The amount of catalyst used may be determined on the basis of the molar ratio of the titanium contained in the titanium zeolite to the olefin that is supplied per unit time. Typically, sufficient catalyst is present to provide a titanium/olefin per hour molar feed ratio of from 0.0001 to 0.1.

Depending on the olefin to be reacted, the epoxidation according to the invention can be carried out in the liquid phase, the gas phase, or in the supercritical phase. The process of the invention is preferably carried out in the liquid-phase. When a liquid reaction medium is used, the catalyst is preferably in the form of a suspension or fixed-bed. The process may be performed using a continuous flow, semi-batch or batch mode of operation.

If epoxidation is carried out in the liquid phase, it is advantageous to work at a pressure of 1-100 bars and in the presence of one or more solvents. Suitable solvents include, but are not limited to, lower aliphatic alcohols such as methanol, ethanol, isopropanol, and tert-butanol, or mixtures thereof, and water. Fluorinated alcohols can be used. It is also possible to use mixtures of the cited alcohols with water.

The following examples merely illustrate the invention. Those skilled in the art will recognize many variations that are within the spirit of the invention and scope of the claims.

EXAMPLE 1: CATALYST PREPARATION

TS-1 can be made according to any known literature procedure. See, for example, U.S. Pat. No. 4,410,501, DiRenzo, et. al., Microporous Materials (1997), Vol. 10, 283, or Edler, et. al., J. Chem. Soc., Chem. Comm. (1995), 155.

Catalyst 1A: TS-1 (20 g, 1.6 weight % Ti), [Pd(NH3)4](NO3)2](2.542 g of a 5 weight percent Pd solution in water, Strem Chemicals), and deionized water (80 g) are placed in a 250-mL single-neck round-bottom flask forming a pale white mixture. The flask is connected to a 15-inch cold water condenser and then blanketed with nitrogen at a 150 cc/min flow rate. The flask is inserted into an oil bath at 80° C. and the reaction slurry is stirred. After stirring for 24 hours, the slurry is filtered under pressurized N2, washed with deionized water (150 mL, three times), and then the solid is dried in a vacuum oven at 50° C. overnight. The solid catalyst is then calcined in 4% oxygen (remainder nitrogen) at 150° C. for 4 hours. Measured Pd loading of the catalyst is 0.47 wt.%.

Catalyst 1B: Pd incorporation onto TS-1 is conducted according to the same procedure as for Catalyst 1A, except that 10 g TS-1, 0.8 g of [Pd(NH3)4](NO3)2](5 wt. % Pd solution in water), and 40 g deionized water is used. Measured Pd loading of the catalyst is 0.31 wt.%.

EXAMPLE 2: PROPYLENE EPOXIDATION STUDIES WITH AND WITHOUT MODIFIERS

To evaluate the performance of the catalysts prepared in Example 1 in the presence of modifiers, the epoxidation of propylene using oxygen and hydrogen is carried out. The following procedure is employed.

The catalyst is slurried into 100 grams of methanol/water mixture (75 wt.% MeOH; 25 wt.% H2O) and added to the reactor system, consisting of a 300-mL high-pressure reactor and a 1000-mL methanol saturator. The methanol/water mixture does not contain any modifier for runs 2A-2C, but contains a modifier for runs 2D-21 (Table 1 lists the amount of modifier used for each run). The slurry is then heated to 60° C. and stirred at 1500 rpm. A gaseous feed consisting of 10% propylene, 4% oxygen, 1% hydrogen and 85% nitrogen is added to the system with a total flow of 1200 cc/min and a reactor pressure of 300 psi. Both the gas and liquid phase samples are collected and analyzed by G.C.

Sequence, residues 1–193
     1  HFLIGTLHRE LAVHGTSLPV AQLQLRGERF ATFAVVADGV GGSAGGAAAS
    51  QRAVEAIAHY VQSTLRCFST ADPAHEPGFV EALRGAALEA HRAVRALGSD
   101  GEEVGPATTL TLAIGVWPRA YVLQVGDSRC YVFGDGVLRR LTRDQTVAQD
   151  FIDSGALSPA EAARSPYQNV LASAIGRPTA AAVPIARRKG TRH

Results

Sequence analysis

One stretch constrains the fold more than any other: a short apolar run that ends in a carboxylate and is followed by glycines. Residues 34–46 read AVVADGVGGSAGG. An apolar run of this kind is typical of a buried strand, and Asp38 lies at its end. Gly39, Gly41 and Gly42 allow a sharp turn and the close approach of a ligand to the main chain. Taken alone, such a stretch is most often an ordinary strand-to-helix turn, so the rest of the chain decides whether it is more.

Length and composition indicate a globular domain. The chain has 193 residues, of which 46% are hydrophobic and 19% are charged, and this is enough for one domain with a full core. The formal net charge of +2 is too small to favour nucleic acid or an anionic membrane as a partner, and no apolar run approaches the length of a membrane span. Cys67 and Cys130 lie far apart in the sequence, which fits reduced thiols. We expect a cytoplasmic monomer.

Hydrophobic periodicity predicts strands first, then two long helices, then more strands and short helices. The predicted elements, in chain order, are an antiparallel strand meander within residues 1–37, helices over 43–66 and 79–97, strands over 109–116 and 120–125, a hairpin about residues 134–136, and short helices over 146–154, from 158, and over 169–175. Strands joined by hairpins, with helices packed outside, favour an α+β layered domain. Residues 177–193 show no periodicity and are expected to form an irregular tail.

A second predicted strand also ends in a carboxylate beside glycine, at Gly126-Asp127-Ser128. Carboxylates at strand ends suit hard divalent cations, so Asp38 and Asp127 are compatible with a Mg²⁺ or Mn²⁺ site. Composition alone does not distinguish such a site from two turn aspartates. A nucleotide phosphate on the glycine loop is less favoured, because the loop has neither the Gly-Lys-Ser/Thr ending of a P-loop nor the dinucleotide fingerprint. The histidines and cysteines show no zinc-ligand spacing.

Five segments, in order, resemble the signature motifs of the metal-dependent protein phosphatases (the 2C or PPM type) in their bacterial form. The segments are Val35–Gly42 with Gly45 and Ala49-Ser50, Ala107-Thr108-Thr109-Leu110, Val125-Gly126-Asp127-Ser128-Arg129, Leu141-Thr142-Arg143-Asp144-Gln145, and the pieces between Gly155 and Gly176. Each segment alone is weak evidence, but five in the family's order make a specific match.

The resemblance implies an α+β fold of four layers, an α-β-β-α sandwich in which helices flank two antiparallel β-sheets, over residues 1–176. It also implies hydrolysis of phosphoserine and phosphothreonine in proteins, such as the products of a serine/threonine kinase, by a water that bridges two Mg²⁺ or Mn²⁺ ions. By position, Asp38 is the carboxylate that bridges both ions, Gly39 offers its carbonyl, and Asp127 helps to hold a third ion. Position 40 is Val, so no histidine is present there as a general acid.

The epoxidation results, in Table 2, show that the use of ammonium bicarbonate modifier (Run 2D) leads to an unexpected increase in catalyst activity and a decrease in the amount of ring-opened by-products as shown by higher PO/POE ratio compared to unmodified runs 2A-C. “POE” means PO equivalents, which include propylene oxide (PO), propylene glycol (PG), dipropylene glycol (DPG), 1-methoxy-2-propanol (PM-1), 2-methoxy-1-propanol (PM-2), and acetol. Also, the use of other ammonium or carbonate containing compounds fails to produce similar results as seen in runs 2EI.

Interestingly, run 2D shows little if any loss in catalyst activity over the 90-hour epoxidation run compared to runs 2A-C, thus demonstrating increased catalyst life.

EXAMPLE 3: PROPYLENE EPOXIDATION STUDIES WITH AND WITHOUT MODIFIERS IN PRESENCE OF CARBON DIOXIDE

To evaluate the performance of the catalysts prepared in Example 1 with and without modifiers in the presence of carbon dioxide, the epoxidation of propylene using oxygen and hydrogen is carried out. The following procedure is employed.

The catalyst is slurried into 100 grams of methanol/water mixture (75 wt.% MeOH; 25 wt.% H2O) and added to the reactor system, consisting of a 300-mL high-pressure reactor and a 1000-mL methanol saturator. The methanol/water mixture does not contain any modifier for run 3A, but contains a modifier for runs 3B-D (run 3B uses 2000 ppm CaCO3; run 3C uses 400 ppm KHCO3; and run 3D uses 400 ppm tetrapropylammonium hydroxide (TPAOH)). The slurry is then heated to 60° C. and stirred at 1500 rpm. A gaseous feed consisting of 10% propylene, 4% oxygen, 1% hydrogen, 84.9% nitrogen, and 0.1% carbon dioxide is added to the system with a total flow of 1200 cc/min and a reactor pressure of 300 psi. Both the gas and liquid phase samples are collected and analyzed by G.C.